My son leaves tomorrow for a semester of study in England. He’s quite nervous and hopefully a little excited, just as I was when I embarked on my studies abroad experience at the age of 19. I confess that I was more than a bit terrified as I boarded that plane, but it wound up being the best thing I ever did. It took me away from my safe, familiar life in Idaho and showed me that I was capable of more than I ever imagined.

On my second or third night in London, I was walking home alone from the Tube station in a heavy fog when I heard footsteps approaching.  I’m pretty sure I stopped breathing, until a shape emerged from the mist . . . a bobby (an English policeman) with truncheon in hand. He tipped his hat to me.  I kid you not. It was a scene straight out of a Sherlock Holmes’ story.  One of those impossible-to-believe moments when life imitates fiction. For a budding writer, it was magic.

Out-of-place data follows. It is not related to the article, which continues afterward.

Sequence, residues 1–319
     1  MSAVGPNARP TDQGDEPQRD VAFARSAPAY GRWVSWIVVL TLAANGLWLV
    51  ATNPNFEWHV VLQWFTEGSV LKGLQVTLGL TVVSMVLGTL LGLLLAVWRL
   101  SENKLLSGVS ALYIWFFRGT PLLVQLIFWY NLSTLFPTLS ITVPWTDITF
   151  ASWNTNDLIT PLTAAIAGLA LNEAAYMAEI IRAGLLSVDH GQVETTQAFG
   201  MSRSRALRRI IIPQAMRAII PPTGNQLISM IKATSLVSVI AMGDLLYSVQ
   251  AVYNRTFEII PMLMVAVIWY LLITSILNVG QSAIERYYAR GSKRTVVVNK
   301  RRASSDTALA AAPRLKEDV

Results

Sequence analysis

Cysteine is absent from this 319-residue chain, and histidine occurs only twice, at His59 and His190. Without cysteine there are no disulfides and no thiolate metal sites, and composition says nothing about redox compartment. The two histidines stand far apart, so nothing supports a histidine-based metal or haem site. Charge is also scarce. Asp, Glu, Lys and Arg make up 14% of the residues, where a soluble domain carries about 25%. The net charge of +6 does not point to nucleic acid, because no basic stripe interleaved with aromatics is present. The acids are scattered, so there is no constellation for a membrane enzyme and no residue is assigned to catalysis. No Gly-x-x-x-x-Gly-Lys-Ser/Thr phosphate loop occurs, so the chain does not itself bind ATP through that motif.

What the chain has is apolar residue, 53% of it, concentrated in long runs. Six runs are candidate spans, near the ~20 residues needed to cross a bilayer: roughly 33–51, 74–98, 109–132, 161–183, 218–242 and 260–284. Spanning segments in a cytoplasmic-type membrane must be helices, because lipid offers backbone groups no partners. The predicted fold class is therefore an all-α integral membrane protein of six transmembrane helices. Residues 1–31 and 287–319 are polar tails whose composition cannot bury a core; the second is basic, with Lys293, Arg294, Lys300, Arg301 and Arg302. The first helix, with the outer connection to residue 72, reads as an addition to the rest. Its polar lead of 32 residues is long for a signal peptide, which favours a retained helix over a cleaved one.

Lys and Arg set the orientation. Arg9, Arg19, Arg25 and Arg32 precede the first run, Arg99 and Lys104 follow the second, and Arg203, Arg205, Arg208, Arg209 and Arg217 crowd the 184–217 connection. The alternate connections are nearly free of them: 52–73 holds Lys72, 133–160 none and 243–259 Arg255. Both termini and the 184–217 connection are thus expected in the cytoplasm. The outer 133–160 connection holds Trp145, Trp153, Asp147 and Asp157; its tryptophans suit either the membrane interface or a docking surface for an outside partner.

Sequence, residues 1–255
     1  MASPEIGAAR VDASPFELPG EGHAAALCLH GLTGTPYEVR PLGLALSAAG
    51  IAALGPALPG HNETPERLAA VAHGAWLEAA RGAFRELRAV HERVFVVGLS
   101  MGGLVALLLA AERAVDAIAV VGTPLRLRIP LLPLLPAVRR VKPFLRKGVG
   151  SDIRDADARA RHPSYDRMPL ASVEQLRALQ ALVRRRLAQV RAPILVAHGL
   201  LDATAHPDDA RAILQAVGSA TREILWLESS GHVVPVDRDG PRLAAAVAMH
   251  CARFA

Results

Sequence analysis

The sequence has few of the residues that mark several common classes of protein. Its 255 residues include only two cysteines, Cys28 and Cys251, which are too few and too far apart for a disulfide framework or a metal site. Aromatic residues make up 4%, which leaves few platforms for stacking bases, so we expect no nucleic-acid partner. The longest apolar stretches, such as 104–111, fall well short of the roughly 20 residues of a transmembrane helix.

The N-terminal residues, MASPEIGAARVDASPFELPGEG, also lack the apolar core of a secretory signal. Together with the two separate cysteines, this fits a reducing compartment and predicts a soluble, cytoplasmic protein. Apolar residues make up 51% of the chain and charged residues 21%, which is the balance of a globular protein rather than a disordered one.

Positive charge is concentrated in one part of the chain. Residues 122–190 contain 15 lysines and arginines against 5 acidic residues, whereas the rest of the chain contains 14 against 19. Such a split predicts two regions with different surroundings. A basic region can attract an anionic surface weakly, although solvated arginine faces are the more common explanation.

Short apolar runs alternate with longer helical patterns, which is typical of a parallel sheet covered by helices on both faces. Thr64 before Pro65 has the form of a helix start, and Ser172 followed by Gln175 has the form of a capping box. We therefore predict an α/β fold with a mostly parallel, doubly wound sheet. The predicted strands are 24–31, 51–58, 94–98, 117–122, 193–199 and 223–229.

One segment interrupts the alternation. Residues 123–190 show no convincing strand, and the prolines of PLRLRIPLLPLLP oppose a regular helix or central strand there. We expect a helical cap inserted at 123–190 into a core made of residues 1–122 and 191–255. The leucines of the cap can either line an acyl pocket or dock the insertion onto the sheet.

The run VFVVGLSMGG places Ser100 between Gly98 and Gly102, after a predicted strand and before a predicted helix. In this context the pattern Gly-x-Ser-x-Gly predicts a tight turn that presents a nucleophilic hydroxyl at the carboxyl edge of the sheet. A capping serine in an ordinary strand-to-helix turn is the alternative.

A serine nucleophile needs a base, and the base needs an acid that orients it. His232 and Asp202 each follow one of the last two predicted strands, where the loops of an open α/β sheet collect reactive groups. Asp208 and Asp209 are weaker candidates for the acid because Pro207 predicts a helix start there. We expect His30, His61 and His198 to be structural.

There were many more moments like that in the five months I spent exploring Europe on a less-than-shoestring budget. Moments when life and art overlapped. And many of the most poignant and memorable instances came when I was feeling lonely or lost or vulnerable.

Several years ago, I set a New Year’s resolution to “write three things that scare me.”  I wasn’t referring to ghost stories, I was talking about essays on topics so personal, I wasn’t sure I dared write them.  By this point, I’d written several books and become a solid writer, but I knew that in order to stretch, I’d have to get out of my comfort zone again. I’d have to scare myself a little.

When was the last time a project frightened you?  When was the last time you weren’t sure you could pull something off? Have you gotten too comfortable, too complacent, too tired?  If so, maybe it’s time to take a risk. Maybe it’s time for a little adventure.